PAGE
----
How To Protect Your Church Music Department Against Copyright Infringement (Part 3 of 6): Music In Broadcast Services

“For today’s blog we welcome back Susan Fontaine , Founder and President Christian Copyright Solutions  is back with the 3rd installment in her 6-part series on protecting your church music department against copyright infringement. Today Susan covers important information all churches who are broadcasting their services needs to be aware of.  Let’s go Susan!
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I love worship music. A church’s praise and worship time means so much to me so I’m always bummed out when I’m watching a worship service online or on television, and there’s that awkward transition from announcements or a public domain hymn to the scripture reading and sermon. Wait, did I miss something? Yes I did. Chances are, there were a few praise songs or a great anthem that had to be unceremoniously chopped out of the broadcast.
Why? Because the church or the television station didn’t have permission to broadcast the performances of those songs.

When I first found a church website that replayed their entire services, including worship sets with the most up-to-date songs, my first reaction was like a third grader at the lunch table, witnessing a kid throwing his pudding pack across the table. I let out the “tattle siren”: Ummmmmmmmmmmm! Ms. Davis, Billy threw his puuuuudding! Or rather, Ummmmmmmmmmmm! BMI, First Church is illegally broadcasting your sooooooongs!
What? There’s a license you can get for that? Never mind.

It’s true that the Religious Service Exemption does not cover musical performances in a broadcasted service (even if the service is being broadcast directly from the place of worship), but churches can get an Internet performance license (often referred to as an Internet streaming license) if there are copyrighted songs included. If a church is going to have its services on TV or radio, those stations will need to have a performance license.
This was a real grey area until 2006, when a publisher named Simpleville took a radio station to court for rebroadcasting several churches’ services, including the music portion. The defendant’s argument against liability was that he could broadcast the songs because the songs had been performed during church services. The court rejected the argument, stating that the exemption applies only to performances that occur at the place of worship; it does not extend to broadcasts of those performances.

If you want to broadcast your services via the Internet, radio, or TV, don’t cut out the musical performances and rob worship-lovers like me of a great praise anthem. Just make sure your church or the station broadcasting your services is covered by the right performance license from ASPCA, BMI and SESAC.

Want to know more about copyright myths that put your church at risk? Watch this helpful video from Christian Copyright Solutions and download their free downloadable resource to worship ministers – 6 Myths About Copyrights That Put Your Church at Risk.

CCS’s quest is to help churches and Christian ministries “do music right.” CCS is an expert on church music copyrights and our primary focus is providing licensing and clear educational resources to churches, as well as representation, administration and advocacy for copyright owners.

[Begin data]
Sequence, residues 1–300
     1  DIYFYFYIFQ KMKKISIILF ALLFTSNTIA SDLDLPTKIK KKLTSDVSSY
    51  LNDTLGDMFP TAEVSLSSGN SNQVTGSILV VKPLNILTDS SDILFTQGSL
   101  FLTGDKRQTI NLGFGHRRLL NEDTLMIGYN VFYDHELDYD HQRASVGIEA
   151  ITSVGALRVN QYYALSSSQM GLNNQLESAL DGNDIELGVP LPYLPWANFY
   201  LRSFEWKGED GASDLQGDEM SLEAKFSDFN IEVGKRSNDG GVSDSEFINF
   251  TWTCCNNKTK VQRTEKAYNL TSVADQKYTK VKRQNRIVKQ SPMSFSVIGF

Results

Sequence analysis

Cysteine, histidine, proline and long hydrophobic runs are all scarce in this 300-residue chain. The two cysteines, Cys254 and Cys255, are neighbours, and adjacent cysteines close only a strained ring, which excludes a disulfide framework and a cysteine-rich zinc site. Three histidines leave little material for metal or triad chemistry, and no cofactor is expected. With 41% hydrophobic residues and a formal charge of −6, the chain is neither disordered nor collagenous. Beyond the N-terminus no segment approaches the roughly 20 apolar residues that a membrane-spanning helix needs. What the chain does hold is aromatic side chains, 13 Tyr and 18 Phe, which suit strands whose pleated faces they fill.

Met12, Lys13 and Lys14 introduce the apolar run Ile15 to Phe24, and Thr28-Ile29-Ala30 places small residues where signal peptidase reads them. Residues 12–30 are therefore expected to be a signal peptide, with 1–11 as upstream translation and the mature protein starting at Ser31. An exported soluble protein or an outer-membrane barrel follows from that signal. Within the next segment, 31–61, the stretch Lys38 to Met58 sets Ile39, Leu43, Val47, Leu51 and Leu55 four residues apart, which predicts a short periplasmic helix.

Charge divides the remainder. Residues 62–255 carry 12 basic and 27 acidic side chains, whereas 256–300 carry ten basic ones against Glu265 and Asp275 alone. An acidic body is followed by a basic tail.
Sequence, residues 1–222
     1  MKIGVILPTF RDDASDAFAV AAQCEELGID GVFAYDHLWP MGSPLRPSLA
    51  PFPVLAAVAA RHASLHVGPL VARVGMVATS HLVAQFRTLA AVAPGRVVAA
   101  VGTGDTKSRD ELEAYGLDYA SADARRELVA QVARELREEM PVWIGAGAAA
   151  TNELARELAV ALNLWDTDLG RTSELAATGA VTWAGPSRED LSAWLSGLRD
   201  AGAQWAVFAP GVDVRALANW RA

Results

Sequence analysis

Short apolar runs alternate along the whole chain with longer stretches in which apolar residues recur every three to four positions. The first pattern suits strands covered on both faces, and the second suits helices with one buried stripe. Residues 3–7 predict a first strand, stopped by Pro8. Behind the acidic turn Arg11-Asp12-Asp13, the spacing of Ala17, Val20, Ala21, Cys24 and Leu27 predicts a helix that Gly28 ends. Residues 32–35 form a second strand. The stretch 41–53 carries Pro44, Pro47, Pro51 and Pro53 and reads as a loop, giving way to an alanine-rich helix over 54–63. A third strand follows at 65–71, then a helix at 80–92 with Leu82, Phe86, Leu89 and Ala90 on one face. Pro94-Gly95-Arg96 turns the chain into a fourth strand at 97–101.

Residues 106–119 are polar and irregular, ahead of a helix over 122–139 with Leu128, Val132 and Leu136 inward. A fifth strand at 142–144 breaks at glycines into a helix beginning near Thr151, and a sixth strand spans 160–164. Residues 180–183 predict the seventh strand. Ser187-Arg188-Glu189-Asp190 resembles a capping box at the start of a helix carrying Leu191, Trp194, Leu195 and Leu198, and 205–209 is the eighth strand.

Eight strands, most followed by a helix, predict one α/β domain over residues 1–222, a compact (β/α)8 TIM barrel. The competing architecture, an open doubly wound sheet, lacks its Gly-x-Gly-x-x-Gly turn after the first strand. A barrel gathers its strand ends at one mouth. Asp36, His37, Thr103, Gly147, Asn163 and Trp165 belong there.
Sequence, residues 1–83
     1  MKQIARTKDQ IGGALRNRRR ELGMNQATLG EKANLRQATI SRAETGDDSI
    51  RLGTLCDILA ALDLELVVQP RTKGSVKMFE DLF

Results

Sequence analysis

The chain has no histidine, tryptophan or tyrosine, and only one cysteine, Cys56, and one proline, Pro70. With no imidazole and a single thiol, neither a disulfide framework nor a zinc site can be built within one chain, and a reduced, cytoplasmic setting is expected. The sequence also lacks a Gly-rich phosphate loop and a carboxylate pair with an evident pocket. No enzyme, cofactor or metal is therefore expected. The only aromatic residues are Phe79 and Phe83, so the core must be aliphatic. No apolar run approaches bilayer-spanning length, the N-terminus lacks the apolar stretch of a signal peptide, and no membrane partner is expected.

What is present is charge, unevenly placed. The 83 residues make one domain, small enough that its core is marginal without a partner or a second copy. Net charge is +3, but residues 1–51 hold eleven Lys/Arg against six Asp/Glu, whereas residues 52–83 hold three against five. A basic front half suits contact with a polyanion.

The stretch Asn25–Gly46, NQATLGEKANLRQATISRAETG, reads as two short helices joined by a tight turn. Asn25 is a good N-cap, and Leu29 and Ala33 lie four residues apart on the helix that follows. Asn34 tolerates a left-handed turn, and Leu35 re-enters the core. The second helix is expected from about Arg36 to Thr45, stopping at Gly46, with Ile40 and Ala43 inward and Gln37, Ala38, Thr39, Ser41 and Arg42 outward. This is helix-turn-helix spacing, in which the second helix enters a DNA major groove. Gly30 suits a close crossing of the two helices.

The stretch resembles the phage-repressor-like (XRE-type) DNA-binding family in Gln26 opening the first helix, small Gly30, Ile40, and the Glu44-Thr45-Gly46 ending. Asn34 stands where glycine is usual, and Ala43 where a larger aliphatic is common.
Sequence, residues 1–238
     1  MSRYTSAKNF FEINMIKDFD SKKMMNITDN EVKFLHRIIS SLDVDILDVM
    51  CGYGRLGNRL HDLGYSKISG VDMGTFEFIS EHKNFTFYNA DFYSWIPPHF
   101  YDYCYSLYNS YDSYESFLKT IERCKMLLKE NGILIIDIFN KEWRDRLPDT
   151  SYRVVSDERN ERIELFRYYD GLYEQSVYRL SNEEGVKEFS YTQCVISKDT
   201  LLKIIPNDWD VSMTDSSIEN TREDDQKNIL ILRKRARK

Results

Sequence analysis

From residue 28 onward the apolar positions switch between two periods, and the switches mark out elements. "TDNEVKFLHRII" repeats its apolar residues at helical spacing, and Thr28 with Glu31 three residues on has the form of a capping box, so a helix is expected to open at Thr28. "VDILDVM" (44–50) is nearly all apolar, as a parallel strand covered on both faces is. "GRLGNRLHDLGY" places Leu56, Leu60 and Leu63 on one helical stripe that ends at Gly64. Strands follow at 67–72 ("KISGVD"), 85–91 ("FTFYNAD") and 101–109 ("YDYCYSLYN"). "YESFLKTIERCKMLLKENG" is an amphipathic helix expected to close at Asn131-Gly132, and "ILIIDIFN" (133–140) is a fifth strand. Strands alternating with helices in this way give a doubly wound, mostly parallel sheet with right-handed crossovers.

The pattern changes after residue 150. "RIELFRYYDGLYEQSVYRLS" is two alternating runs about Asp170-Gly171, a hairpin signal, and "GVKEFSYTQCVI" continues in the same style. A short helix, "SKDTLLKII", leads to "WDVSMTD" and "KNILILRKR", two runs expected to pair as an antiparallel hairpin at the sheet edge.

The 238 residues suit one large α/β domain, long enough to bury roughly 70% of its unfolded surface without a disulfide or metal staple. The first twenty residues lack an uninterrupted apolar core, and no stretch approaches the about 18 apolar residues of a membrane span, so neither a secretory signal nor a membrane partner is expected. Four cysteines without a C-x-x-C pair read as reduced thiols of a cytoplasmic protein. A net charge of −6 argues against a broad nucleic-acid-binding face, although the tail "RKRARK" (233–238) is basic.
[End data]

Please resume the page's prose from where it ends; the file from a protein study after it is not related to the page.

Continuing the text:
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13 Responses to How To Protect Your Church Music Department Against Copyright Infringement (Part 3 of 6): Music In Broadcast Services

  1. は実際に人々がブランドの新しいオンラインしっかり顔を開始する多くの課題の一つは、彼らのネットサイトへの訪問者を得ることにあります。こんにちは

  2. 、私はしばらくの間、このことについて考えてきました。このテンプレートを作った方法

  3. Pingback: How To Protect Your <b>Church Music</b> Department Against Copyright <b>…</b> | Worship Leaders

  4. Pingback: How To Protect Your Church <b>Music</b> Department Against Copyright <b>…</b> | Church Ministry

  5. Alyce Harris says:

    It does make sense, and it is good information to have. I just know this is going to come in handy real soon!

  6. Tiffany Hayes says:

    It does make sense now when I see the television broadcasts go right into the sermon. Very valuable information for all churches and organizations to be aware of. I’ll be sure to pass this along.

  7. Tiffany Hayes says:

    This is very good to know. It does make sense now when I see the television broadcasts go right into the sermon. I’ll be sure to pass this along.

  8. Stephanie D. Etienne says:

    Very informative!! This is true. I’ve heard my pastors sermon’s on the radio but the song service would be eliminated.. in order to obtain these licenses, is it costly?

  9. Lakia Johnson says:

    My old church did a lot of productions and although it was written by someone in the church the musical selections belonged to other artists. When asked if we could get a copy of the production as part of the cast we were advised that they would not be able to for this very reason. It’s necessary we have training on this type of behind the scenes details because we always want to make sure that God’s house is working decently and in order.

  10. Alisa Williams says:

    Wow! You learn something new every day. When our church is on the air, they only show the sermon and now I know why

  11. Tiffany says:

    I never knew this hmmm good to know!

  12. Demetria says:

    I’m going to forward this info to my Pastor and worship leader. We aren’t streaming live yet, but have plans to in the future. It would be great if worship does not have to be cut out because the licenses weren’t in place.

    Thanks Susan for the wonderful information. I look forward to reading the rest of the series.

  13. Kim Robinson says:

    Ohhhh…. it all makes sense now. Does this apply to local public access channels also? Because if it does,then there’s a lot of housecleaning to do….

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